Would Jeremy Corbyn add a dose of homeopathy to the NHS? He believes it works, after all

 
Sarah Spickernell
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Corbyn thinks alternative medicine can complement conventional medicine (Source: Getty)
What would the NHS be like if Labour leader Jeremy Corbyn became Prime Minister?
It would certainly remain publicly-funded – that he's adamant about.
It would also focus more on tackling mental health issues, as his appointment of the shadow cabinet's first ever “mental health minister” indicates.
But what about alternative types of medicine? Could what has always been a service dedicated primarily to scientifically-proven forms of treatment start handing out homeopathic remedies in high numbers? Quite possibly.
Because it turns out that Corbyn believes homeopathic treatments actually work, despite the fact that there remains no scientific evidence to prove it.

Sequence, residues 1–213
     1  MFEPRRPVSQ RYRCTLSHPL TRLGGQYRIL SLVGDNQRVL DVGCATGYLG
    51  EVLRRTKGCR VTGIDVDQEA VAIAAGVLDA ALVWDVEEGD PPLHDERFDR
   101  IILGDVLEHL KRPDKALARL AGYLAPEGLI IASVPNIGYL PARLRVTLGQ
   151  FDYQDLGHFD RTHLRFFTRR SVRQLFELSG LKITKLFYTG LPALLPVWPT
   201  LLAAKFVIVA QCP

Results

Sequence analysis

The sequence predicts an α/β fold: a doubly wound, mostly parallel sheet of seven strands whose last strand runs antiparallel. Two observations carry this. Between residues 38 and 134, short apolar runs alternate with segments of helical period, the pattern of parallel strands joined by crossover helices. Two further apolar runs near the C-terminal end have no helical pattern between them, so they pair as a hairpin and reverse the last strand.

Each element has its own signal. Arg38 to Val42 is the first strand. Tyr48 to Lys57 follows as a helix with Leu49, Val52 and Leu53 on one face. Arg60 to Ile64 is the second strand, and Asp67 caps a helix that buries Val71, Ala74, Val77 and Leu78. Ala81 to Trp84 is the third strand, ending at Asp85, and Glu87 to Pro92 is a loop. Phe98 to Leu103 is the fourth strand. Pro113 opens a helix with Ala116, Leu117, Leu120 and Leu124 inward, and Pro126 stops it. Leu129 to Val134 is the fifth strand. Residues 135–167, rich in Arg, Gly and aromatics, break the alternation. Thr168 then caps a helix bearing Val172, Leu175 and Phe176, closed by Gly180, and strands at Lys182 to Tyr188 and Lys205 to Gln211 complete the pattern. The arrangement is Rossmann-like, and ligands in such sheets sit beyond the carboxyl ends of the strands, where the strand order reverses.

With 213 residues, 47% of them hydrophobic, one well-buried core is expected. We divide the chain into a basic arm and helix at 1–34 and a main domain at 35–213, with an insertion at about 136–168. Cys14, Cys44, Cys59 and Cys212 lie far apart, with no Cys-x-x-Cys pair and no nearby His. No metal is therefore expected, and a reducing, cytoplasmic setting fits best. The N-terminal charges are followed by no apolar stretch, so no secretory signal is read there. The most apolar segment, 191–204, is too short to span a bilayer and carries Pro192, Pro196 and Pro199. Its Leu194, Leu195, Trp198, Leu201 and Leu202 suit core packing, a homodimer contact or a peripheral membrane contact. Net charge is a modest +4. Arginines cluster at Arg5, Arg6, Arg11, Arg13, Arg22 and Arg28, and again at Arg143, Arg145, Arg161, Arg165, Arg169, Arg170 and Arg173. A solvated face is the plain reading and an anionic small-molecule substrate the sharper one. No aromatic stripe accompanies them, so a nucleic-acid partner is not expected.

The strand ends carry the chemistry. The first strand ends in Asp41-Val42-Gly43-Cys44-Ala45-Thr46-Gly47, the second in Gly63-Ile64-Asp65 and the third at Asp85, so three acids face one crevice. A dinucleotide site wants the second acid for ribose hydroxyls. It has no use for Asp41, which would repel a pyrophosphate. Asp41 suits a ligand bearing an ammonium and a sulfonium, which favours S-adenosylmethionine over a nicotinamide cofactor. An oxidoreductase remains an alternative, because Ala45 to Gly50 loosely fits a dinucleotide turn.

In a tweet in 2010 he said he backed up this belief by saying that like conventional medicines, homeo-meds “come from organic matter”.

He has also signed a number of daily motions petitioning for greater incorporation of homeopathy into the public health service.
In 2007, he signed one called “NHS homeopathic hospitals”, which claimed “complementary medicine has the potential to offer clinically-effective and cost-effective solutions to common health problems faced by NHS patients”. The signatory voiced concern that cuts to the NHS were threatening the future of these hospitals.
Currently the NHS spends approximately £4m on homeopathy each year, which is just a fragment of its budget of almost £100bn. There are just four homeopathic hospitals in the UK – in Glasgow, Bristol, London and Liverpool.
Corbyn has not made any new comments about how he would approach the issue homeopathy in the NHS since he was elected as leader on 12 September, but he has made it clear he has more faith in the practice than many previously in his role.

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